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Category Archives: Political Economy

Don Boudreaux, an alum of Nicholls, is the inaugural speaker for the  Frederic Bastiat Guest Lecture Speaker, Donald J. Boudreaux, Ph.D., J.D. who will speak in the Ridley J. Gros, Jr. Auditorium in Powell Hall, Thursday, November 13th at 1:30 and at 7 p.m.  His talk is titled “The lens of economics.” He is the […]

This post was written by my long-time friend and graduate school classmate and recently retired professor of economics from McNeese, Dr. Mike Kurth.  This article appeared in Lagniappe, a Lake Charles magazine.  I have his permission to post. Democracy may be a great political system, but it is not perfect.  One of its flaws is what […]

In the headline here, I am not saying that people do not cause droughts, because some droughts somewhere might be caused by man-made climate change.  That could be.   The point here is simply that droughts do not cause the shortages.  We will get to this point later. For now, let us understand that since there […]

If you have ever seen the movie “Braveheart,” you have to recall William Wallace’s (Mel Gibson) final cry for freedom–freedom of the Scots from the Brits.  Here is Gibson’s moving “freedom speech” from the movie.  His freedom cry at the end is a little too gruesome to link to–more frightening than this picture. Well, tomorrow, the […]

In 1973, David Friedman published an interesting book, The Machinery of Freedom, largely a compilation of essays concerning how anarcho-capitalism can work.  One of his essays is on how mass transit can be produced privately and that the infrastructure for it is largely in place.  Recently, two companies have started operating worldwide, Uber and Lyft, […]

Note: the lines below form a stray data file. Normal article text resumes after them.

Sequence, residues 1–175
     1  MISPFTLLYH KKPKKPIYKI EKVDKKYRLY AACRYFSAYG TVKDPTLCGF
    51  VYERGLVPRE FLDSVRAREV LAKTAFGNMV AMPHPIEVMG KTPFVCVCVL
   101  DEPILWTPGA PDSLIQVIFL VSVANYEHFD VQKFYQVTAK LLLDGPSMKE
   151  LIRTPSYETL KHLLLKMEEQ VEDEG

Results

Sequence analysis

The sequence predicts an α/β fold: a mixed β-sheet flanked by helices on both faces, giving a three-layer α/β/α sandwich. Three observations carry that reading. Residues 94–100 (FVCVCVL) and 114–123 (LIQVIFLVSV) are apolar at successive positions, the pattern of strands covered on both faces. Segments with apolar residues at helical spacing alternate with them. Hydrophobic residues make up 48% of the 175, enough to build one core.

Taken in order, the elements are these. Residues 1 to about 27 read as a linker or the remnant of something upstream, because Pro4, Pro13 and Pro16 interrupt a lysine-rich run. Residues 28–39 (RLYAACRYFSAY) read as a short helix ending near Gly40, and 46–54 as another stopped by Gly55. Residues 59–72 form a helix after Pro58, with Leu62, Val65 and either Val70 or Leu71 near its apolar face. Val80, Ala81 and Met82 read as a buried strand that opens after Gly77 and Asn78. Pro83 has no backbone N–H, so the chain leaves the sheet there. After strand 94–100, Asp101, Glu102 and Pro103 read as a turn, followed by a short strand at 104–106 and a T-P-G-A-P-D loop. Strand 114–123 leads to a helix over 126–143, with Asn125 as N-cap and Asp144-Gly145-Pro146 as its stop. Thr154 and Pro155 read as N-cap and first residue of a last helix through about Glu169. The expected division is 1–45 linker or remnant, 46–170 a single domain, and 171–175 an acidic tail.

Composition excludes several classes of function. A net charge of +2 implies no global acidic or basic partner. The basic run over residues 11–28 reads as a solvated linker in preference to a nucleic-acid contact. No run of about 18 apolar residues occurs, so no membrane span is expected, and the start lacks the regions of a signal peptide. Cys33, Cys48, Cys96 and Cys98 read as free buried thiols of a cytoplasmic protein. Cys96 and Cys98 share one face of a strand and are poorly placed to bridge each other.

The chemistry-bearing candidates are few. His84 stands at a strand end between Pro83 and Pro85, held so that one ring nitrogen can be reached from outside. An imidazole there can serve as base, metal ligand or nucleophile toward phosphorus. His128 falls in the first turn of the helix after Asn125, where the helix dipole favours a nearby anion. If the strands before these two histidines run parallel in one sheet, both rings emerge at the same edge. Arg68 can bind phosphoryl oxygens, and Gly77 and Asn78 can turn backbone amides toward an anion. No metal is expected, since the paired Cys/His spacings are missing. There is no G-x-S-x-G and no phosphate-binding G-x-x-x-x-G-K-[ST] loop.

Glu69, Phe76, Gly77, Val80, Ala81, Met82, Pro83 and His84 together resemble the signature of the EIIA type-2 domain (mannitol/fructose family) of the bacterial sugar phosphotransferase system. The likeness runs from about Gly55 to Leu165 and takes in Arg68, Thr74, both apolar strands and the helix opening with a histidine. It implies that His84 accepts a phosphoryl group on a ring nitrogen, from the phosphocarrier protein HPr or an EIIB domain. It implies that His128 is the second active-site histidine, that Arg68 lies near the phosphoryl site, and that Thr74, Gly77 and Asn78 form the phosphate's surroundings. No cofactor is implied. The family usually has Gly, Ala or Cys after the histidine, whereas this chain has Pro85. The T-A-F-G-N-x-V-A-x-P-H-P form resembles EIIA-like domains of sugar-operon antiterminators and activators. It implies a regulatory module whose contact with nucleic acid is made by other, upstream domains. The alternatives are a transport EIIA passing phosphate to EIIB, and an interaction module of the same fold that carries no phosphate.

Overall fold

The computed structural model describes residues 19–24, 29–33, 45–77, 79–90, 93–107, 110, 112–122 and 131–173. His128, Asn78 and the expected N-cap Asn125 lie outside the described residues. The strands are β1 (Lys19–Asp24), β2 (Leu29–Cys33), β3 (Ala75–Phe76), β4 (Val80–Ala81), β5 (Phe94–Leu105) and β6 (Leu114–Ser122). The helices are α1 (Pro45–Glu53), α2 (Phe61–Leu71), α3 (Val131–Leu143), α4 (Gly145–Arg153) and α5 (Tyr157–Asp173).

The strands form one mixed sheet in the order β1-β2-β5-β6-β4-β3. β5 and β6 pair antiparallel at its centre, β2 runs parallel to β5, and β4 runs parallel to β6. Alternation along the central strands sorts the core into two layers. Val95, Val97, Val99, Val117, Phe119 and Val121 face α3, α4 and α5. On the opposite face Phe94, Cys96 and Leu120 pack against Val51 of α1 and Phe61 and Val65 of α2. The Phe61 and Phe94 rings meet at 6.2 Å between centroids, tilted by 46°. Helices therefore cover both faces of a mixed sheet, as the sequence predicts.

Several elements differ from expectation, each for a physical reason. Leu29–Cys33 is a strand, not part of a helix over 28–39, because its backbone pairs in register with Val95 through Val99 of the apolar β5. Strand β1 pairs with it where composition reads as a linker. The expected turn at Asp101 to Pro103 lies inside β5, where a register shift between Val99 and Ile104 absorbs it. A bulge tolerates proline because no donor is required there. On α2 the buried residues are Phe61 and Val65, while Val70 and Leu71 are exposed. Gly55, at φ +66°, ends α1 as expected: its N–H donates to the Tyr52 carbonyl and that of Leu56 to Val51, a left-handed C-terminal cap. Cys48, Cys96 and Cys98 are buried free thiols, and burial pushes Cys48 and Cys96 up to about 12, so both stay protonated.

In previous posts, I have pointed out the consequences of price controls, especially in Venezuela. Venezuela has had food shortages, diaper shortages, medicine shortages,  and all of these shortages occur because the government there has sought to keep prices below equilibrium values.  Food, and medicine are both needed to keep their people from dying and […]

In a previous post, I suggested that what we call sweatshops are factories where workers are not treated well, but that these sweatshops offer workers a better life than they had, otherwise the workers would not agree to work there.  The pay in these factories, while quite low compared to U.S. and advanced economies’ pay […]

About three weeks ago, this story broke about rationing of appointments and treatment in a Phoenix VA hospital facility, rationing which has supposedly led to at least 40 deaths as these vets awaited treatment.  The rationing is due to two factors: 1) global budgeting of the VA hospital system capping total spending and 2) a lack of […]

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